The Twins likely would love to add pitching help.
But this is where it gets interesting and where the unusual setup of this season will play a role. It starts with the fact that 16 teams will make the postseason instead of the usual 10. That means there figure to be far fewer sellers than usual and plenty of sub-.500 teams aren’t going to consider themselves to be out of it come next week.
The Cincinnati Reds are a perfect example of this. The Reds entered Monday with an 11-15 record but are sniffing around a wild card berth and, thus, aren’t likely to move outstanding righthander Trevor Bauer, who is in the last year of his contract. Bauer is 3-0 with a 0.68 ERA in four starts and has two complete games and two shutouts. So the Reds go from potentially getting a big return for Bauer to reportedly looking to add talent and not subtract it.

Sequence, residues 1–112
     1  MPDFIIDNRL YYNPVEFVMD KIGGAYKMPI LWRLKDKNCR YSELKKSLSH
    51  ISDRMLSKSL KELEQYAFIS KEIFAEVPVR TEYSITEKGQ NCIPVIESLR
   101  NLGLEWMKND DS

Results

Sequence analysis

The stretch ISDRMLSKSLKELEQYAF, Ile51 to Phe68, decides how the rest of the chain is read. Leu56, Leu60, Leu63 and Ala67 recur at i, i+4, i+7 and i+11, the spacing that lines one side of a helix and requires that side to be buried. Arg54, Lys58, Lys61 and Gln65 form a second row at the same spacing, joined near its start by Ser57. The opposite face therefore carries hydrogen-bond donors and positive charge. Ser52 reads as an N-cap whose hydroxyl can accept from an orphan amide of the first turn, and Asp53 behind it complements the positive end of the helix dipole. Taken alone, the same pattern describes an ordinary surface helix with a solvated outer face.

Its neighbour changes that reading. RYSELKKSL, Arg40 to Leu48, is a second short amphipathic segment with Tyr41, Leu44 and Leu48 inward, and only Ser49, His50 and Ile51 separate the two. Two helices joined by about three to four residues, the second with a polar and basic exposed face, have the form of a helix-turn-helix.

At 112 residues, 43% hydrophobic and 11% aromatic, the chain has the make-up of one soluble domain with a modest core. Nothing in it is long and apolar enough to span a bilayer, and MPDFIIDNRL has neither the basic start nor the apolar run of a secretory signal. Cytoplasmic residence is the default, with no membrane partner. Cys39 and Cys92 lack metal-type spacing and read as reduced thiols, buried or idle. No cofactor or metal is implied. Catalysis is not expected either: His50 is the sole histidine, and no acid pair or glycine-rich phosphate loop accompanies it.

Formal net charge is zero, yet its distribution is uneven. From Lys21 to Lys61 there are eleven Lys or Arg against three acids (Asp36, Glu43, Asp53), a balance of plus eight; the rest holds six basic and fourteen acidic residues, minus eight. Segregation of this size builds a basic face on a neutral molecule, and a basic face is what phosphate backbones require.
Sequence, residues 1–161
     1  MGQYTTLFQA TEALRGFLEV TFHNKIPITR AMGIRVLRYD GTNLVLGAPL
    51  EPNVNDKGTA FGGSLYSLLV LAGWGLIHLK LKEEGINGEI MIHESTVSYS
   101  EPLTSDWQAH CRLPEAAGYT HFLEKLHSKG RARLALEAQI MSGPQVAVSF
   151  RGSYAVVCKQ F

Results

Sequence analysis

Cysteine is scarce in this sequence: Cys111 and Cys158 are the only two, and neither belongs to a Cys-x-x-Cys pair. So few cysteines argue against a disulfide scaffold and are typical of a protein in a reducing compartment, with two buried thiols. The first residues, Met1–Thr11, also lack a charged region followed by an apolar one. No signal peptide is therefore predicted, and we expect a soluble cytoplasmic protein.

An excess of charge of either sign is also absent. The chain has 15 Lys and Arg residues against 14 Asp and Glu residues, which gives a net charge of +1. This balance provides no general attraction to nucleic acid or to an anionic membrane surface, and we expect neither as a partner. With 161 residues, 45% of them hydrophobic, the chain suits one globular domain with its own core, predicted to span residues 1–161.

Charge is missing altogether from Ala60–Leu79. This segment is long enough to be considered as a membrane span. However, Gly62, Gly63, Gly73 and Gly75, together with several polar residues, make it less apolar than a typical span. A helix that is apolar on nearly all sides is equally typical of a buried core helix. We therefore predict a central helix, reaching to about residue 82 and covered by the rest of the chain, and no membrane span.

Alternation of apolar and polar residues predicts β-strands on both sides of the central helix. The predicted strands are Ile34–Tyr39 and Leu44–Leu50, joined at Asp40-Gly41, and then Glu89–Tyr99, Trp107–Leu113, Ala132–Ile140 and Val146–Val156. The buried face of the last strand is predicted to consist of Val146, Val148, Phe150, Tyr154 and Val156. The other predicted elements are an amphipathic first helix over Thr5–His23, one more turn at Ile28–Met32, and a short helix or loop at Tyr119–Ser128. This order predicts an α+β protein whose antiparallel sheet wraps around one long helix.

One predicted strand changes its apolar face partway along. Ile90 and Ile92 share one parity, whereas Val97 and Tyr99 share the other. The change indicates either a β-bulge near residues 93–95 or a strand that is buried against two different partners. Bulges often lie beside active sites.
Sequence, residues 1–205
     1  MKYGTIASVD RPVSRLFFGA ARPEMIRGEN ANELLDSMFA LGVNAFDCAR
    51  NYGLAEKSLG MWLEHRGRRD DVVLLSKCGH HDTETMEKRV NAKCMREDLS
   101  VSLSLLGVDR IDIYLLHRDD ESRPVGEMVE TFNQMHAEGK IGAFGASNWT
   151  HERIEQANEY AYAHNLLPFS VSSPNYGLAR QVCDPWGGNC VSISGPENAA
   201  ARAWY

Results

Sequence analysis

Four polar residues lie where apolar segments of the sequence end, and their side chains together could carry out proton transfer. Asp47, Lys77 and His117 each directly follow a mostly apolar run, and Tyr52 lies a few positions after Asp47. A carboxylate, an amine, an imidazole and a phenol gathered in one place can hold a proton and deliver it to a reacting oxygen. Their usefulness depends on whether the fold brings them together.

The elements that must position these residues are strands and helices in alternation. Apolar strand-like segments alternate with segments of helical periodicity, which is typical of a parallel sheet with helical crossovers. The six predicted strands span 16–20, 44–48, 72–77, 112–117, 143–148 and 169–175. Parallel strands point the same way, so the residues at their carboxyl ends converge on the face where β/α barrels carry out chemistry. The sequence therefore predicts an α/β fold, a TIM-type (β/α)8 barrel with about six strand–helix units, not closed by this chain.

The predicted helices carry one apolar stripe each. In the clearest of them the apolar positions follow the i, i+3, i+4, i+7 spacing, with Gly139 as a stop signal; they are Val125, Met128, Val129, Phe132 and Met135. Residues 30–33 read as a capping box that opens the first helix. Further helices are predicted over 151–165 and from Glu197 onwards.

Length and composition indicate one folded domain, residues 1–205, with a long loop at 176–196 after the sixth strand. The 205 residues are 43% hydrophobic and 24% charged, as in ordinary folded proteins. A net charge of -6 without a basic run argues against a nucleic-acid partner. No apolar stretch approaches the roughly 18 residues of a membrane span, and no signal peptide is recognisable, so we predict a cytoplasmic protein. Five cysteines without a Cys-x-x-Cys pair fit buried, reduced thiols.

The few teams that will be willing to move valuable players are almost certainly going to be asking for a substantial return. But if that player is a rental, are the Twins (or any other contender) going to pay the asking price in such an odd season? It’s one thing if you swing a deal and get a guy back who has a few years remaining on his contract, it’s another to say you went all in to win a World Series that is going to have an asterisk by it.
Jeff Passan, in his trade deadline preview piece for ESPN, listed the definite sellers as the Pirates, Red Sox, Royals, Mariners and Angels. The probable sellers were the Tigers, Orioles and Marlins and the possible sellers were the Giants and Rangers. That’s only 10 of the 30 MLB teams and that list might be too long. The Marlins, yes the Marlins, could end up trying to be buyers, despite the fact they are the Marlins and had their season shutdown for a time because of COVID-19.
There are other obstacles as well to making trades that could make a difficult process even tougher. For instance, only the players the Twins have in their 60-man player pool can be traded, meaning top prospects in the lower levels can’t be dealt next Monday. Twins scouts also aren’t allowed to watch prospects who are at the alternate sites for other teams and scouts from around the league can’t visit CHS Field in St. Paul to watch the group that is working out there.